Weekly Feminist Smorgasbord: All-American Muslim, Victim-Blaming Ad Campaign & “Muscular Empathy”

via feministryangosling.tumblr.com

  • In an attack on women of color’s reproductive freedoms, anti-choice members of Congress have pushed for a bill called the “Susan B. Anthony and Frederick Douglass Prenatal Nondiscrimination Act,” which seeks to prevent women of color from attaining abortions in the name of “civil rights.” Clarification: Neither Susan B. Anthony nor Frederick Douglass would have supported this BS.
  • Feministing breaks down the victim-blaming and just downright disturbing “rape prevention” campaign at “ControlTonight.org”, targetting — you guessed it — young women victims. Same old ridiculous narrative: the raped person should control the rapist’s urge to rape by NOT going out and drinking.  The ad’s image itself is a trigger warning, so be prepared to fume with anger.
  • Ta-Nehisi Coates responds to the Forbes article, “If I Were A Poor Black Kid.” It’s entitled, “Muscular Empathy,” and explores one of the greatest challenges an historian faces, let alone a human being: empathy with people from very different circumstances than ourselves. Here’s an excerpt:

This basic extension of empathy is one of the great barriers in understanding race in this country. I do not mean a soft, flattering, hand-holding empathy. I mean a muscular empathy rooted in curiosity. If you really want to understand slaves, slave masters, poor black kids, poor white kids, rich people of colors, whoever, it is essential that you first come to grips with the disturbing facts of your own mediocrity. The first rule is this–You are not extraordinary. It’s all fine and good to declare that you would have freed your slaves. But it’s much more interesting to assume that you wouldn’t and then ask “Why?”

Harris-Perry is at her strongest when she breaks down the devastating and unseen culture of shame that is put upon and often internalized by black women; it is fed by a dangerous form of misrecognition that harms both individuals and societies. Harris-Perry is nuanced in her understanding of shame not only manifesting as a sort of shrinking-away, but in the compensating “strong black woman” stereotype that seems positive, but leaves little room for the full scope of human vulnerability. Shame, then, serves as a kind of social control.

  • Robin Lim, an American midwife who has served thousands of Indonesian women in their births, is CNN’s Hero of the Year.

Sebelius claims that her reason is that the FDA didn’t show that 11-year-old girls, some 10 percent of whom are fertile, understand how to follow the EC directions….If a sixth grader can’t understand those elementary, crystal-clear instructions, we should just move back to the caves, because civilization is finished.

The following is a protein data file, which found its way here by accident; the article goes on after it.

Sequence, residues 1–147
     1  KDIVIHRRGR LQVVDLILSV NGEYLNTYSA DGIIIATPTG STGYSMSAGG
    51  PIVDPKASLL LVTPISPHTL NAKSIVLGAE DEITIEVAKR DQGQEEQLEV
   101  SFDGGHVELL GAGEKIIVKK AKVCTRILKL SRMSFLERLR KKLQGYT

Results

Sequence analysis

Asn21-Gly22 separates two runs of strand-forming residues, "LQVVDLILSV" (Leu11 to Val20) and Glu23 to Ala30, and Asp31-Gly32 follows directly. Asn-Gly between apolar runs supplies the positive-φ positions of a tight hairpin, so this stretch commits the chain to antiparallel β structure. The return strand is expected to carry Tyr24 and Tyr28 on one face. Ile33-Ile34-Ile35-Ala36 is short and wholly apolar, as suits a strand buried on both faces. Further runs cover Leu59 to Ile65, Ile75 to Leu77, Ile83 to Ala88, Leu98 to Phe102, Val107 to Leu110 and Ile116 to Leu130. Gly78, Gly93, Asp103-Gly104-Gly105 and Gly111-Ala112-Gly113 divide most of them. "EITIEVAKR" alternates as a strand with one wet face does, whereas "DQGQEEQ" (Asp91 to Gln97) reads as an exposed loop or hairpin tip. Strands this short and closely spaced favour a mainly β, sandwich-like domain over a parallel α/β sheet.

Weekly Feminist Smorgasbord: An Anti-Racist Dating Book, NPR’s “Living Large” Series, & Brave Uses of Free Speech

photo credit: Bitch media

So much feminist news to catch up on! Enjoy.

  • The wonderful Samhita over at Feministing wrote an unconventional and feminist dating advice book. Racialicious applauds her deconstruction of exoticism, anti-interracial dating narratives, and the pressures on cis-gendered men. (There’s a long excerpt in the review, too.)
  • American-Egyptian journalist Mona Eltahawy courageously shares her story of being sexually and physically assaulted by Egyptian police in Tahrir Square. via The Guardian [trigger warning]:

“I was taking pictures and covering events on the frontline of confrontations between protesters and the police and the military and a group of five or six riot police beat me, and surrounded me and rained their big sticks down on my arms. I was trying to protect myself.

“They also sexually assaulted me. They dragged me to the ministry of the interior. They dragged me by the hair and called me all sorts of insults. And this all happened in about seven to eight minutes.”

  • Another, quite different, brave use of 1st amendment rights: Emma Sullivan, an 18-year-old high school student from Kansas, overtly and shamelessly criticized her state’s Republican governor, Sam Brownback, for his homophobic and anti-choice politics. She was sent to the principal’s office for her comment made on Twitter that he “sucks”– but as she says, “I wasn’t sorry for what I said because I meant it.”

-Losing Weight: A Battle Against Fat and Biology
-One Woman’s Struggle to Shed Weight, and Shame
-Why Doctors and Patients Talk Around Growing Waistlines
-For Obese, Intimate Lives Often Suffer
-Corporations Offer Help in Trimming the Waist

  • Notice any patterns? Shame, lose weight, trim your waist, waistline, suffer, shame, shame, bad, bad. Might as well read Cosmo. Read Tiger Beatdown’s excellent analysis of the lack of critical treatment of body size in this series.

credit: feministryangosling.tumblr.com

  • Can’t believe I haven’t posted this here yet. Feminist Ryan Gosling, created by a PhD candidate in Women’s & Gender Studies at the University of Wisconsin. It’s FLASH CARDS of dense feminist theory, in a cute package! Here’s an interview with the creator, who responds to the question, Why do you think this is so popular?

Feminists are apparently not supposed to have a sense of humor.  I think people are really liking the fact that this site is intelligent while simultaneously silly, and obviously self-referential. A lot of my followers are women’s studies majors, or people who have taken women’s studies classes, and love seeing inside jokes presented in this way. For example, if you’re a women’s studies major, you’ve probably read “The Yellow Wallpaper” at least 18 times. Now matter how much you like that story, it gets a little ridiculous.

  • A little politics-of-the-c-word action for ya! Comedian Sarah Mathews writes about her mixed (but ultimately positive) feelings in Guernica magazine.